Maui News

New Airport Initiative to Prevent Visitor Drownings

April 22, 2016, 2:59 PM HST
* Updated April 23, 2:20 AM
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Transportation officials across the state will join forces with the Hawaiʻi Tourism Authority on Monday to announce a new initiative aimed at informing visitors and residents about ocean safety and prevent drownings.  Ocean drowning is the leading cause of fatal injury among visitors to Hawaiʻi, accounting for nearly half of the total of all fatal injuries, according to officials with the State Department of Health.

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In December of 2015, the Maui Visitors Bureau joined the Mayor’s Office in launching an ocean safety video at Kahului Airport, with educational information, tips on venturing out into the water, and how to avoid dangerous situations.

The video advises visitors to check local weather and surf reports for high surf advisories, harbor surges, and flood warnings before going out. Warning signs are also posted along shorelines that have a history of strong currents, dangerous shore breaks, and are prone to flooding or other natural hazards.

Monday’s announcement will be made by the State, City & County of Honolulu, Counties of Hawaiʻi, Kauaʻi, and Maui, Department of Transportation and Hawaiʻi Tourism Authority.

Ocean Incidents By the Numbers:

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Below is a breakdown of drowning incidents in Hawaiian waters as referenced in the “Visitor Safety: How are we doing?” report compiled by Dan Galanis with the Injury Prevention and Control section at the state Department of Health.

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According to the report, there were 16 spinal cord injuries at Mākena between 2009 and 2012; 5 at Kāʻanapali; 3 at Hāmoa; and 3 at Polo Beach. The leading cause of spinal cord injuries in Hawaiʻi between 2009 and 2012 was ocean activities, with 151 ocean-related incidents reported across the state including: 42 from body surfing; 37 from body boarding; and 42 that were tossed by a wave. Most of these, 77% involved non-residents.

According to the report, between 2003 and 2012, there were a total of 538 drownings in Hawaiian waters (including: 282 visitors; and 256 residents).  The breakdown is as follows:
• 115 snorkeling (including: 12 residents; and 102 non-residents)
• 145 swimming (including: 53 residents and 92 non-residents)
• 51 free diving (including: 48 residents and 3 visitors)
• 41 fell or were swept in (including: 21 residents, and 21 visitors)
• 36 surfing/body boarding (including 26 residents, and 10 visitors)
• 23 scuba (including: 8 residents and 15 visitors)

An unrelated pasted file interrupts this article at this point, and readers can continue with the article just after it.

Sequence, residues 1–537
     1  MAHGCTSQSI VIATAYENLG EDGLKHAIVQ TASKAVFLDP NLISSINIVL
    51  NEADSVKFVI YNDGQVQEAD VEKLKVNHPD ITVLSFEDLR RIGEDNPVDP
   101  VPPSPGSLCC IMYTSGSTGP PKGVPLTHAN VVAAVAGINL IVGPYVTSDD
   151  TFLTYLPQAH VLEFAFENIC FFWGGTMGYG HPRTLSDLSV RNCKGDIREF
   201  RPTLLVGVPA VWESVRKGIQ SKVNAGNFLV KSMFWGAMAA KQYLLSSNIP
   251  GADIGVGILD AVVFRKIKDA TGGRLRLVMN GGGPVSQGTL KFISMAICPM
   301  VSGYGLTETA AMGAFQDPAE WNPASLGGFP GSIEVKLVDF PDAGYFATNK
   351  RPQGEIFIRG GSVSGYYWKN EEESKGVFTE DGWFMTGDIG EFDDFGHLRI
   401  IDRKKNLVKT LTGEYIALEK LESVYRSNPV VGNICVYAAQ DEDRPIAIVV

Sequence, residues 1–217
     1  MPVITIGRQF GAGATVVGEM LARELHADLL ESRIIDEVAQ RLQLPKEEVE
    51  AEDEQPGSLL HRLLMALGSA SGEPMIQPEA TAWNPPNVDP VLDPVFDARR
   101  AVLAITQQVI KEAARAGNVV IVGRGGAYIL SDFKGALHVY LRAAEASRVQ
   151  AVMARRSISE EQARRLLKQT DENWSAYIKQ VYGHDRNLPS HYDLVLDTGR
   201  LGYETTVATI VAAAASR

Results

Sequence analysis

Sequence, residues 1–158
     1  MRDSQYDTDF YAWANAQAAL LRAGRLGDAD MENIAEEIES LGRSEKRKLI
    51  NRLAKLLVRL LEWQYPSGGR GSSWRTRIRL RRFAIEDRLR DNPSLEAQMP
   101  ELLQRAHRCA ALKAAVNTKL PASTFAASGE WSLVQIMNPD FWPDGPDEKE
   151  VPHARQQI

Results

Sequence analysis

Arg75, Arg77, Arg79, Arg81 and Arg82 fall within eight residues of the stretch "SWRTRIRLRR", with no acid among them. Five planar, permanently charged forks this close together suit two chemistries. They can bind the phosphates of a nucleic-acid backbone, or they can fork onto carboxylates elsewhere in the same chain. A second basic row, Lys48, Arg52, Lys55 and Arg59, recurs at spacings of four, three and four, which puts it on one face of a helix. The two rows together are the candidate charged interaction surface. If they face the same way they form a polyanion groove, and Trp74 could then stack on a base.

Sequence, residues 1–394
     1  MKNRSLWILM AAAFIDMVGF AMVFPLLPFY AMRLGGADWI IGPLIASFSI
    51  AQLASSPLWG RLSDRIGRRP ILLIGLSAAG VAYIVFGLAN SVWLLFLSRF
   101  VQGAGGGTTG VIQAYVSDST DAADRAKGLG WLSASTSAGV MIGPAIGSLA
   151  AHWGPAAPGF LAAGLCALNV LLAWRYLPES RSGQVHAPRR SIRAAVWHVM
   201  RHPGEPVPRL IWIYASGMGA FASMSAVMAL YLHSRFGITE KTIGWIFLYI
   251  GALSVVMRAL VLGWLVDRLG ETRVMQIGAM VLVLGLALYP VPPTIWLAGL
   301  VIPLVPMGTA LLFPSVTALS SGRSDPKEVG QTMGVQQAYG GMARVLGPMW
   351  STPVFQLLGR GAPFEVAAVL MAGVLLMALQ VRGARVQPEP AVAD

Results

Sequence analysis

• 18 fishing shorecasting (including: 18 residents)
• 9 picking opihi (including: 9 residents)
• 7 boating accident (including: 6 residents, and 1 visitor)
• 27 Other activity (including: 22 residents, and 15 visitors)
• 55 unknown activity (including: 32 residents, and 23 visitors)

On Maui:
• There were a total of 105 ocean drownings in Maui County over the 10 year period between 2003 and 2013, which translates to 6 to 19 per year (including 95 on Maui, 8 on Molokaʻi and 2 on Lānaʻi).
• Most of these, 72% were non-residents.
• 34% involved swimming; 29% involved snorkeling; and 13% were from unintentional immersions.
• Number of drownings per activity: 36 swimming; 30 snorkeling; 14 unintentional immersion; 10 diving; 8 unknown; 7 other activity.
• Over the 10 year period between 2003 and 2013, there were 21 drownings in Kāʻanapali alone, 13 of them in the Puʻu Kekaʻa or “Black Rock” area. 20 of these incidents involved visitors.

Kalani Prince was on the scene of a near drowning at Baldwin Beach at approximately 5 p.m. on Sunday, July 5.

Near drowning at Baldwin Beach at approximately 5 p.m. on Sunday, July 5. Photo credit: Kalani Prince.

Kalani Prince was on the scene of a near drowning at Baldwin Beach at approximately 5 p.m. on Sunday, July 5.

Near drowning at Baldwin Beach at approximately 5 p.m. on Sunday, July 5. Photo credit: Kalani Prince.

Kalani Prince was on the scene of a near drowning at Baldwin Beach at approximately 5 p.m. on Sunday, July 5.

Near drowning at Baldwin Beach at approximately 5 p.m. on Sunday, July 5. Photo credit: Kalani Prince.

The Ocean Safety Guide brochure front page offers the reminder, "When in doubt, don't go out."

The Ocean Safety Guide brochure front page offers the reminder, “When in doubt, don’t go out.”

The Ocean Safety Guide brochure features a section on "Essential Safety Tips."

The Ocean Safety Guide brochure features a section on “Essential Safety Tips.”

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